Risk
7/18/2013
11:40 AM
50%
50%

Anonymous To FEMA: Shall We Play A Game?

Offended by FEMA's portrayal of fictional hacktivists as anti-American and easily defeated, Anonymous strikes back with data dump.

Anonymous: 10 Things We Have Learned In 2013
Anonymous: 10 Things We Have Learned In 2013
(click image for larger view and for slideshow)
"Hello FEMA, Anonymous here, shall we play a game?"

So read a Wed. communication from the hacktivist group Anonymous, which appears to be catching up on unfinished business in the form of a data dump -- aka dox -- of a database obtained from the Federal Emergency Management Agency (FEMA).

The dox, posted to Pastebin late Wednesday, has since been deleted. But according to a mirrored copy of the post, it appeared to include numerous names, mailing addresses, email addresses, MD5-hashed passwords and database ID numbers associated with people who were designated by FEMA to respond to national emergencies. "Anonymous has purposefully redacted logins, passwords, SSNs and other details that might genuinely endanger the United States from this document, our intent is not to harm, merely to issue a firm warning," read the Anonymous post.

[ FBI and Homeland Security tried to slow attacks by sharing IP addresses of suspected Chinese hackers with U.S. service providers. Read more: Feds Shared Chinese Hacker Data With Service Providers. ]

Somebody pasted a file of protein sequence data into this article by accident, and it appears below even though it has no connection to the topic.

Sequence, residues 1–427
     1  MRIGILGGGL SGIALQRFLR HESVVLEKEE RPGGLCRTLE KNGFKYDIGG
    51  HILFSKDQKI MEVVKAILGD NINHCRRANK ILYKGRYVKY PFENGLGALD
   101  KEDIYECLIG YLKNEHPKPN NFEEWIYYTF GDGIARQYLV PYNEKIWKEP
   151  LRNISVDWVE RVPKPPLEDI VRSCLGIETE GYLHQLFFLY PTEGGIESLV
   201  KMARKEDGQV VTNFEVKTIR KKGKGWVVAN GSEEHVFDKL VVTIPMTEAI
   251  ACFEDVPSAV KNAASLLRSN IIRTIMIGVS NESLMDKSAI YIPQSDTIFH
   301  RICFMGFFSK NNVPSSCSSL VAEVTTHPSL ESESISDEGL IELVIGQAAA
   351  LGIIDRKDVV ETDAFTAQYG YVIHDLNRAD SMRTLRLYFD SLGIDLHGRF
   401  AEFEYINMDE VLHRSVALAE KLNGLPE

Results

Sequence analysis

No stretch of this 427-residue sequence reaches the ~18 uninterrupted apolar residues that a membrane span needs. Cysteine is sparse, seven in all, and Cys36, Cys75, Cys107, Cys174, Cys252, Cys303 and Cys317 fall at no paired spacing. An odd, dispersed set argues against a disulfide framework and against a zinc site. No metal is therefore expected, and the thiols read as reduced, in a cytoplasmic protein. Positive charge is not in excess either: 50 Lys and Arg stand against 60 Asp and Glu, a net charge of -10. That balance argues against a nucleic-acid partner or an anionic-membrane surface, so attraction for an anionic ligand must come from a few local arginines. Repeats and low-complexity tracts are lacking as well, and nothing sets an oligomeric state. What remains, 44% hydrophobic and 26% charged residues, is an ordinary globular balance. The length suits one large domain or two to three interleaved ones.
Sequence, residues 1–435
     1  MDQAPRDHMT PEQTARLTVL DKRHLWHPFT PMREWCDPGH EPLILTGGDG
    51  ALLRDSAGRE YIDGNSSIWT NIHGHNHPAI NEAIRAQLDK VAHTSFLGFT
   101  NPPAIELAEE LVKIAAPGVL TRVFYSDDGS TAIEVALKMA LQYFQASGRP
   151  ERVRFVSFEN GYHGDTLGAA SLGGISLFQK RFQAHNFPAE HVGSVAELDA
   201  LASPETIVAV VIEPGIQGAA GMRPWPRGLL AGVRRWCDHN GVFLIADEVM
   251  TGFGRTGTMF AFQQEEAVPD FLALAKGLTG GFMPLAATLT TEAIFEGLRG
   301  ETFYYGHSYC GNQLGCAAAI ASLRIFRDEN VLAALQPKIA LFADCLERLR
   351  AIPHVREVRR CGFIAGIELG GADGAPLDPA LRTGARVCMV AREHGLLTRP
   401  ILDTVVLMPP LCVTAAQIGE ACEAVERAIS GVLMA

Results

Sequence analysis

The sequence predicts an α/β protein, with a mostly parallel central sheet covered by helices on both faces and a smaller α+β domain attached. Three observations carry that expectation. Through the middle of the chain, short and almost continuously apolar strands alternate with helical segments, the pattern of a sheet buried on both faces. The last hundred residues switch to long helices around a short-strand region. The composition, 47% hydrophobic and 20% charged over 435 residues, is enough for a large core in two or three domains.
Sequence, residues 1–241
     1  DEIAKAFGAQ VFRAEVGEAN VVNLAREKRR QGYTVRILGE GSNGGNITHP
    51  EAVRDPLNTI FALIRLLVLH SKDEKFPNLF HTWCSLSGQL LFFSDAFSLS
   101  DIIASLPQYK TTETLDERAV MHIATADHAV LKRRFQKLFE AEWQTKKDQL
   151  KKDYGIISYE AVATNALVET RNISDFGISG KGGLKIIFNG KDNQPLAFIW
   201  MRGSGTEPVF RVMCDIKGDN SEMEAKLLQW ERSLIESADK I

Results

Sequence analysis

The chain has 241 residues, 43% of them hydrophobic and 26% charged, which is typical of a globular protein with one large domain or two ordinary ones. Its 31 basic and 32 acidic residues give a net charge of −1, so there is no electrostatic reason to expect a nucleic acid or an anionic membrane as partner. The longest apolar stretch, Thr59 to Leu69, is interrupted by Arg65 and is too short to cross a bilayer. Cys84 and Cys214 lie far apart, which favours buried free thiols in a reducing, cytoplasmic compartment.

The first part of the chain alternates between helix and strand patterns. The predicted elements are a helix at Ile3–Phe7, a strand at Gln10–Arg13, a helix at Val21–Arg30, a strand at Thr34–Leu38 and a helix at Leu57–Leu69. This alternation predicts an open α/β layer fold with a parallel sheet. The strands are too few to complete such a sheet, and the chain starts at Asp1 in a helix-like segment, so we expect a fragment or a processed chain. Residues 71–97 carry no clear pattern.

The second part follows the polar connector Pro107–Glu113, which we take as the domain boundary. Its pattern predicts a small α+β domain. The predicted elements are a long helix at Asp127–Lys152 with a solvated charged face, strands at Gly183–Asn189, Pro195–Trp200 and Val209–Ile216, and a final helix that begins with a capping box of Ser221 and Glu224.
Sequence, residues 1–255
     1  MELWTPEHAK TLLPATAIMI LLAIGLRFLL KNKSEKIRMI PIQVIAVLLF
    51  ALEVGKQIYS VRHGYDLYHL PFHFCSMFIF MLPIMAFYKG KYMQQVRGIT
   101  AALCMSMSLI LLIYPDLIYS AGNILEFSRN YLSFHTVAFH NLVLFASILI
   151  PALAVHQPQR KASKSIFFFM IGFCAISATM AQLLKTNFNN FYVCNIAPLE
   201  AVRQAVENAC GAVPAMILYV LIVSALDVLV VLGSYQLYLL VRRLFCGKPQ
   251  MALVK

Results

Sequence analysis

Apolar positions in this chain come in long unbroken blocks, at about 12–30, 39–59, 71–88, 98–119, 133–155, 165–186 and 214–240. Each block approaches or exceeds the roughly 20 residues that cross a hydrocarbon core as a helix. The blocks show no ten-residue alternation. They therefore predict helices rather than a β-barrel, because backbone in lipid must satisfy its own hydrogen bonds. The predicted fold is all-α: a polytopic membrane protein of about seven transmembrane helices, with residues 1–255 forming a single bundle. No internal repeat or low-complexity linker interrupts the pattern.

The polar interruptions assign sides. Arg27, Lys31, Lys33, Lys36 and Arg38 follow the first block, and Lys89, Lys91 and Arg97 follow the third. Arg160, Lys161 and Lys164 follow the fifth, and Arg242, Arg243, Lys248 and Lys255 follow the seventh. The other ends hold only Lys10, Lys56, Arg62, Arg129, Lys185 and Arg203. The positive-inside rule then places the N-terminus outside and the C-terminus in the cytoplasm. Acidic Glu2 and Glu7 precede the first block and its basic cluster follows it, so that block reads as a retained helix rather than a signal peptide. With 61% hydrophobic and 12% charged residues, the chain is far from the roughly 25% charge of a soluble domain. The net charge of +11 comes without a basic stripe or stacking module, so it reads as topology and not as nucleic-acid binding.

The delayed impetus for the dox was a "Cyber Capabilities Tabletop Exercise" conducted in May 2012 by FEMA, involving what organizers said were "three dozen Federal Government departments and agencies, 10 states and territories, scores of private sector companies and trade associations, and four international partners." The exercise simulated a series of online attacks by a fictional group known as "The Void," which targeted critical infrastructure and private businesses' systems. "This cyber scenario based exercise ... is designed to increase understanding of cyber threat alerts, warning, and information sharing across sectors, and to test and evaluate government-private sector coordinating structures, processes, and capabilities regarding cyber event response and recovery," read FEMA's description of the war-gaming exercise.

Anonymous said it objected to the fictional hacktvist group in the FEMA exercise being portrayed as anti-American, and for having attempted to transfer funds from a breached business into an overseas account. "We are not against any one country or corporation. However if you are an enemy of anonymity, if you oppose free speech, you are our foe, it is as simple as that," the group said. Seemingly not one to miss a trick, the Anonymous message even included a quote from philosopher Friedrich Nietzsche: "If you look long enough into the void the void begins to look back through you."

The group also appears to have been offended by the ease with which the hypothetical hacktivist group was dispatched by federal defenders, with the help of a "turncoat informant." "Good thing Anonymous is a little more persistent than a shoddy knockoff group dreamed up by corporate shills for the sole purpose of being thwarted by an apparently unassailable US government and one of their many highly paid corporate bootlickers," they said.

The hacktivists behind the dox also noted that the FEMA exercise was organized by security consulting firm Obsidian Analysis. "It should shock nobody that former FEMA chief of staff Jason McNamara has since joined Obsidian's executive management team as vice president," said Anonymous.